Posted by: ghitchco
Cast: Hitchcock (Hamlet), Julie Jones (Death), Daniel Fachler (Claudius), Edgar Miles (Guard), Bret Walden (Guard), David Reimche (Ghost)
Credits: script: Hitchcock, Julie Jones, Daniel Fachler; cinematography: Daniel Fachler, Chris Gillen; editing: Hitchcock
Here’s the sort of Shakespeare video that YouTube is there to encourage. The filmmaker has been driven to put together his vision of Hamlet (for his Shakespeare class), and with camera, a few friends, the obliging help of a local church and cemetery (in Augusta, Georgia), his CD collection and bags of enthusiasm, he puts together this distinctive take on the ‘to be or not to be’ soliloquy. It is technically gauche and a bit silly in places, but it also shows real imagination and feeling for the play.
To begin with, the seven-minute film has a two-minute prologue, which in portentous dumbshow (and with ‘Carmina Burana’ blasting away over the top) shows Hamlet’s encounter with his dead father. The main title then follows, and we see that this is has been prelude to the main business, which is Hamlet delivering the soliloquy while dressed as a seminarian kneeling in church (the video is heavy on Catholic symbolism) and in then a cemetery trying to away from Death. And this is where the imaginative novelty comes in, because Death is a visible figure, female and dressed in white with white face mask. Death shares the words of the soliloquy, acting either as a prompter (“to be” says Hamlet; “or not to be” says Death) or as a voice in Hamlet’s mind, expressing the thoughts that he would rather not say. In the final line Death speaks the words, but it is Hamlet’s lips that mouth them.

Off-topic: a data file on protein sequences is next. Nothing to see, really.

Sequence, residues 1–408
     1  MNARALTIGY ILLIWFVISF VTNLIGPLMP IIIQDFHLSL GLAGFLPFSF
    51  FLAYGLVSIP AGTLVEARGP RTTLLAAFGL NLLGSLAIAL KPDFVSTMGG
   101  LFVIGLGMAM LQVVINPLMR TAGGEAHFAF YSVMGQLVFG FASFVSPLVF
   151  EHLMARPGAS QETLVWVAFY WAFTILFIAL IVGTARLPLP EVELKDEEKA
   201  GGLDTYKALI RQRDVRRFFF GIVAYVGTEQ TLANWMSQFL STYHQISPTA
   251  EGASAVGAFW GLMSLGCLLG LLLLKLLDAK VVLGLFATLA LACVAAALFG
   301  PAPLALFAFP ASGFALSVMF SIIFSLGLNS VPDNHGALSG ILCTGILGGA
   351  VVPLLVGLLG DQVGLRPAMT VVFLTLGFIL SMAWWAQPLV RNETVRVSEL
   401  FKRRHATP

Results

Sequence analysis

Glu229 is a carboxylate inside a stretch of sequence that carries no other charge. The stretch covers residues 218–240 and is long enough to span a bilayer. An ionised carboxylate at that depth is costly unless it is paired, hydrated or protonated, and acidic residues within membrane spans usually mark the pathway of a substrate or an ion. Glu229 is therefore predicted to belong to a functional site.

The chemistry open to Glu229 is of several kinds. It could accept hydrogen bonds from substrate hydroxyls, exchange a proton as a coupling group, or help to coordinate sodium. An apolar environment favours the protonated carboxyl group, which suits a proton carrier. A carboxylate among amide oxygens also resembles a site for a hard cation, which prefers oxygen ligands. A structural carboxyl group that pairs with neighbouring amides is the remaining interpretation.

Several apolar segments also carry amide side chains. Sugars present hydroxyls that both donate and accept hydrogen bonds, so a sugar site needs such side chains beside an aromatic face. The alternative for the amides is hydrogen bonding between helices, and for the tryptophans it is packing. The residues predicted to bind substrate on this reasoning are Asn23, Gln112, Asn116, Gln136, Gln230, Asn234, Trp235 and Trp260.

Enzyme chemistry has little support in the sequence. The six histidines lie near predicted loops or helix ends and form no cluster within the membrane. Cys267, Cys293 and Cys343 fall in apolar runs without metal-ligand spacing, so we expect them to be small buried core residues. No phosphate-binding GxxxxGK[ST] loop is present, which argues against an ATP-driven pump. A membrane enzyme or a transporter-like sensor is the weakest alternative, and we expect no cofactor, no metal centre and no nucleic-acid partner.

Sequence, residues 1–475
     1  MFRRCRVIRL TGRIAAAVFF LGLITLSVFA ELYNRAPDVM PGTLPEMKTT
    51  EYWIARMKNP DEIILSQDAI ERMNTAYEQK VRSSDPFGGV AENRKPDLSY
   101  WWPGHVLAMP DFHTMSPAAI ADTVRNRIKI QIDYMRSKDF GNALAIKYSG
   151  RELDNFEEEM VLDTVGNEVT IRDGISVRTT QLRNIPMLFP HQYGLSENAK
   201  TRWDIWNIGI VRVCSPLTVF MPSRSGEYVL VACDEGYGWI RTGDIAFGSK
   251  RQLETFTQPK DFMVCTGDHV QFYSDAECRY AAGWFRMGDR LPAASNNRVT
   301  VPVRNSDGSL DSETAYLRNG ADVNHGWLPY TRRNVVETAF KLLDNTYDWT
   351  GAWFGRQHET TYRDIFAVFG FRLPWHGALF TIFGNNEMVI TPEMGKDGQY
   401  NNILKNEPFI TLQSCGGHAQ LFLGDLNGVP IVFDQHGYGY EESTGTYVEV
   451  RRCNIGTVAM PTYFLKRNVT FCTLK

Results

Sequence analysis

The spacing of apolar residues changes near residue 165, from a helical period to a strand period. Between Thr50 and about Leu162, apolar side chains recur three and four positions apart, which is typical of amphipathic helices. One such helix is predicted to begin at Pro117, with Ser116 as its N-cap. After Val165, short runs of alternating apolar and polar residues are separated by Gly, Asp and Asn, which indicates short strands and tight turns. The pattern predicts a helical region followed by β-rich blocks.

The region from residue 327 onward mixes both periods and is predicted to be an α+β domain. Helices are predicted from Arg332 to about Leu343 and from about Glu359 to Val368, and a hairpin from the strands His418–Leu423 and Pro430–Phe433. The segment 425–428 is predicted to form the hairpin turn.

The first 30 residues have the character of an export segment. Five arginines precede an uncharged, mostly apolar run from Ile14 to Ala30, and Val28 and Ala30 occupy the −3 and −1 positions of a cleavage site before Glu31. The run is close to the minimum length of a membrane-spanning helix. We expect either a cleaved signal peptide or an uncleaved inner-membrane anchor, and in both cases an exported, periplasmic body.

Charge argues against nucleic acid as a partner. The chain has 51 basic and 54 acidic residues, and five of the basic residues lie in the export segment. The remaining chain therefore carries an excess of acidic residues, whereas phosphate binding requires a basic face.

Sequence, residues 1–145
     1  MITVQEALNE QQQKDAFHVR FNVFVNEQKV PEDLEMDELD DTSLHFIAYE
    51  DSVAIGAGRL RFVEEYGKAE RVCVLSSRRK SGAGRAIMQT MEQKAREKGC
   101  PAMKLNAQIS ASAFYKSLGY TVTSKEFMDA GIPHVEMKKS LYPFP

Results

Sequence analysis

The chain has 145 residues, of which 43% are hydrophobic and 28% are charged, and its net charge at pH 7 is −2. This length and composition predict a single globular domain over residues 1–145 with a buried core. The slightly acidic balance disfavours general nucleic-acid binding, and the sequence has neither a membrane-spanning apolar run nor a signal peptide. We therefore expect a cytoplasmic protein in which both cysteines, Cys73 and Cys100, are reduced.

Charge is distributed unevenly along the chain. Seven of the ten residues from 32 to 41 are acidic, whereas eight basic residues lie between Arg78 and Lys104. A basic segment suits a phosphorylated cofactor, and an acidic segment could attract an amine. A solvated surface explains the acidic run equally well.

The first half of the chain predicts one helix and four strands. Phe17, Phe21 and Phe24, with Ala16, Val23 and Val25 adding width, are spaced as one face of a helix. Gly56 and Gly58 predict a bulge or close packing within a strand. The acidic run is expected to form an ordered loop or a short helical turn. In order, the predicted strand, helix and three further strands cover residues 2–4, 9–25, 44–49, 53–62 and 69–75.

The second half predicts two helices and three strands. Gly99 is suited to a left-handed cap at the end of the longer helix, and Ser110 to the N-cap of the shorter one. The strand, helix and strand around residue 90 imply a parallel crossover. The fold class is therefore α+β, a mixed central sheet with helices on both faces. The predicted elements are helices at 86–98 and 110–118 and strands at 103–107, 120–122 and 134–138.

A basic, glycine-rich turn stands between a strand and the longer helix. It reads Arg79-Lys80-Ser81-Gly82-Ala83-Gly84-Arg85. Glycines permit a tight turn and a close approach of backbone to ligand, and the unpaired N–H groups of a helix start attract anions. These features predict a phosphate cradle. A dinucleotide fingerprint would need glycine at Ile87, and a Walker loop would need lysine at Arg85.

It’s an intelligent conceit, thought out visually, and earnestly executed.